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Powerful farside eruption captured by Solar Orbiter in unique image

powerful-farside-eruption-captured-solar-orbiter-unique-image

The ESA/NASA Solar Orbiter spacecraft has captured the largest solar prominence eruption ever observed in a single image together with the full solar disc.

This latest event took place on February 15, 20221 on the far side of the Sun and extended millions of kilometers into space.

There is no signature of the eruption on the solar disc facing the spacecraft – which is currently approaching the Earth-Sun line – meaning that it must have originated from the side of the Sun facing away from us, ESA said in a press release.2

The imagery was captured by the ‘Full Sun Imager’ (FSI) of the Extreme Ultraviolet Imager (EUI) on Solar Orbiter.

The Full Sun Imager of the Extreme Ultraviolet Imager on board the ESA/NASA Solar Orbiter spacecraft captured a giant solar eruption on February 15, 2022. Credit: Solar Orbiter/EUI Team/ESA & NASA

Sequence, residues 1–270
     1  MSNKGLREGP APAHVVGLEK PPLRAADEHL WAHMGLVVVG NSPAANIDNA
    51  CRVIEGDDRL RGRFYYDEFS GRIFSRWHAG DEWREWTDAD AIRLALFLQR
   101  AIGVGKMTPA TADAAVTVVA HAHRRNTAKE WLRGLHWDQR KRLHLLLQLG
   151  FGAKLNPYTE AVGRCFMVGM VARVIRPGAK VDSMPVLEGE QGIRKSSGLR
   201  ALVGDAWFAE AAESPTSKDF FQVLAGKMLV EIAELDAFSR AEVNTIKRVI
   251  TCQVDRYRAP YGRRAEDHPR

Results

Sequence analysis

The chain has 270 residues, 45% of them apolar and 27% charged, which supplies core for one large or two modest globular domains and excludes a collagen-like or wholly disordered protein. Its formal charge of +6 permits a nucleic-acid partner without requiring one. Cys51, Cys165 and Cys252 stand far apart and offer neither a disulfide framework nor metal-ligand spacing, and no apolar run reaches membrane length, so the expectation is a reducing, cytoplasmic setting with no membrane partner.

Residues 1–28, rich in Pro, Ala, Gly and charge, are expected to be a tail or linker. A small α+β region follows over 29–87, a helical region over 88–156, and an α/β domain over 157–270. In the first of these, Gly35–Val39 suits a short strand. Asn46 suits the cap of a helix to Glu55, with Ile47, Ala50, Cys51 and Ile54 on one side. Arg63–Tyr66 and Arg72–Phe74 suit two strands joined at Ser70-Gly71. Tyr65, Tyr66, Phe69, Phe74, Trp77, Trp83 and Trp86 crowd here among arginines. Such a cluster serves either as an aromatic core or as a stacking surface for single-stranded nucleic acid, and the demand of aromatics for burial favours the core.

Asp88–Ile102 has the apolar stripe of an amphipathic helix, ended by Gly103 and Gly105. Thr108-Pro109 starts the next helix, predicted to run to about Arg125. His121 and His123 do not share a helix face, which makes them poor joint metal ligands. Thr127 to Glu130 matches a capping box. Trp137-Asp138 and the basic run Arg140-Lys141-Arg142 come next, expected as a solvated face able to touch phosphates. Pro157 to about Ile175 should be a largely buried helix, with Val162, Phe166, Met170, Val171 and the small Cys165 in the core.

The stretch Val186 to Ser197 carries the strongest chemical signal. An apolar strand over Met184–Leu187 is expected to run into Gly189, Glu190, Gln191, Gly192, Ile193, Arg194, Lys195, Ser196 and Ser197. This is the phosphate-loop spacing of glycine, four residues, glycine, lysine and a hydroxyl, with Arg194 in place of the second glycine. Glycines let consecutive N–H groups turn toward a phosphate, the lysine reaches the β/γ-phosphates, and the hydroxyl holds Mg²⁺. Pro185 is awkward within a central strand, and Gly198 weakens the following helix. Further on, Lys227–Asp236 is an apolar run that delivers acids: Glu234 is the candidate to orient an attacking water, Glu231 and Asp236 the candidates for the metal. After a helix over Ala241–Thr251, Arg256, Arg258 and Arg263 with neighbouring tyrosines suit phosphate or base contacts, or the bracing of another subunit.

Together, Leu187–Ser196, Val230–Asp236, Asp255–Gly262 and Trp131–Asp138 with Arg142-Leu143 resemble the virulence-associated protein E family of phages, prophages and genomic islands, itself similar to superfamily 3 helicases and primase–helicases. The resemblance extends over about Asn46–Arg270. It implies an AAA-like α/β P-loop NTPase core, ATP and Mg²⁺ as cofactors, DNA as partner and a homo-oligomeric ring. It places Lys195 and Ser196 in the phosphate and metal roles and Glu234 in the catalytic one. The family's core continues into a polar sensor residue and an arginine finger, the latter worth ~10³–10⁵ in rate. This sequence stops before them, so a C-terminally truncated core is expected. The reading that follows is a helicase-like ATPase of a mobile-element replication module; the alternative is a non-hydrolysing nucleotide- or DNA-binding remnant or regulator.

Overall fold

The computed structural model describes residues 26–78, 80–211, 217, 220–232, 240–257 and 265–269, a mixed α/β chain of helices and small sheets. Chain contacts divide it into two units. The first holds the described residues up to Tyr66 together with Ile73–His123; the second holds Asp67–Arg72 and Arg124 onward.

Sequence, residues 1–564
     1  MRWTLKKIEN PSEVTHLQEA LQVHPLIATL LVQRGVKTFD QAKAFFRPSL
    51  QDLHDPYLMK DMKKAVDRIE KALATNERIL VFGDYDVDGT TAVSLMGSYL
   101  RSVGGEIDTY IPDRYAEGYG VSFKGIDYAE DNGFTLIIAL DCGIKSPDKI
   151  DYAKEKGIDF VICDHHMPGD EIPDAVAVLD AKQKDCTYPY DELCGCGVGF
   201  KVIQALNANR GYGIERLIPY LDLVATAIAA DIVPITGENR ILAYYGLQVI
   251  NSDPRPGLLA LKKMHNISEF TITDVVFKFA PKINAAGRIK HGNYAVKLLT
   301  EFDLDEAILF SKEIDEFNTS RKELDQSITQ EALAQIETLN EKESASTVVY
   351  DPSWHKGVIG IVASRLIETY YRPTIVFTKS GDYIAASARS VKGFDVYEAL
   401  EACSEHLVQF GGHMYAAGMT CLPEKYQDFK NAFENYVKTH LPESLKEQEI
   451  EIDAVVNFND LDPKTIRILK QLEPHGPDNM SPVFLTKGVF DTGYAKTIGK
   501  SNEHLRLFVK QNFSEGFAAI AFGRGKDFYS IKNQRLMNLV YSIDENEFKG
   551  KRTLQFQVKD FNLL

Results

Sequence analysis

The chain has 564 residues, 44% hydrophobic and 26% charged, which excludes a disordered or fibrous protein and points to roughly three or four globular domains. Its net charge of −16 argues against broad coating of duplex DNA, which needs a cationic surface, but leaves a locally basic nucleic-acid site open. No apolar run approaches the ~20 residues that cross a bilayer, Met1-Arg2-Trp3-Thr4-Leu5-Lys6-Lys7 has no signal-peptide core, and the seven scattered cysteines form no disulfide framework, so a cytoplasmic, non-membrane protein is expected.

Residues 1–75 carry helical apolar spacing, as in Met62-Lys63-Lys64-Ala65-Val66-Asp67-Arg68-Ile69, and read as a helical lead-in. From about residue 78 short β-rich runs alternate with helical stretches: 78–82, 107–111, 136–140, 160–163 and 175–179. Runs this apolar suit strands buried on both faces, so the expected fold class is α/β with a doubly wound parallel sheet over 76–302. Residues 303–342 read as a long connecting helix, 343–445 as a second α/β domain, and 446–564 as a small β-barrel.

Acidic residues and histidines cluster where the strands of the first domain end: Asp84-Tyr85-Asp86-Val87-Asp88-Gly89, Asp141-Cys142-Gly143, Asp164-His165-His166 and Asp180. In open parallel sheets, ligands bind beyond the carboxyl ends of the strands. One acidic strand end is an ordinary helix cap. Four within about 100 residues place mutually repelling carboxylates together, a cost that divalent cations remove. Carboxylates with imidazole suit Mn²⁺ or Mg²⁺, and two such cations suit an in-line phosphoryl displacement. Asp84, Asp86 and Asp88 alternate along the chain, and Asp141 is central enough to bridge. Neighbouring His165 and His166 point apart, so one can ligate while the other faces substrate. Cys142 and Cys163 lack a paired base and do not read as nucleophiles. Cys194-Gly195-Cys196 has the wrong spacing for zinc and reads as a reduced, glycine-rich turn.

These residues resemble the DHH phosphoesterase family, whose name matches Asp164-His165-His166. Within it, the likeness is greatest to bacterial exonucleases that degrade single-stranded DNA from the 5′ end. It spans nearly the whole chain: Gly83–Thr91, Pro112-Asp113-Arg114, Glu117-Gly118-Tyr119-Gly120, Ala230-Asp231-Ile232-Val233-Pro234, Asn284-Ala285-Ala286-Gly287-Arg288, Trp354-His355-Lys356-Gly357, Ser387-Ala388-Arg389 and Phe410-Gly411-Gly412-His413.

FSI is designed to look at the full solar disc even during close passages of the Sun, such as during the upcoming perihelion passage next month.

At closest approach on March 26, which will see the spacecraft pass within about 0.3 times the Sun-Earth distance, the Sun will fill a much larger portion of the telescope’s field of view.

Composition of imagery from the ESA/NASA Solar Orbiter and SOHO spacecraft, which captured a giant solar eruption on February 15, 2022.

Right now, there is still a lot of ‘viewing margin’ around the disc, enabling stunning detail to be captured by FSI out to about 3.5 million km (2.2 million miles), equivalent to five times the radius of the Sun.

Other space telescopes such as the ESA/NASA SOHO satellite frequently see solar activity like this, but either closer to the Sun, or further out by means of an occulter, which blocks out the glare of the Sun’s disc to enable detailed imagery of the corona itself.

Thus, the prominence observed by Solar Orbiter is the largest ever event of its kind to be captured in a single field of view together with the solar disc, opening up new possibilities to see how events like these connect to the solar disc for the first time.

At the same time, SOHO can provide complimentary views to even larger distances.

References:

1 Powerful farside eruption creates impressive coronal mass ejection (CME) – The Watchers

2 Giant solar eruption seen by Solar Orbiter – ESA

Featured image credit: Credit: Solar Orbiter/EUI Team/ESA & NASA

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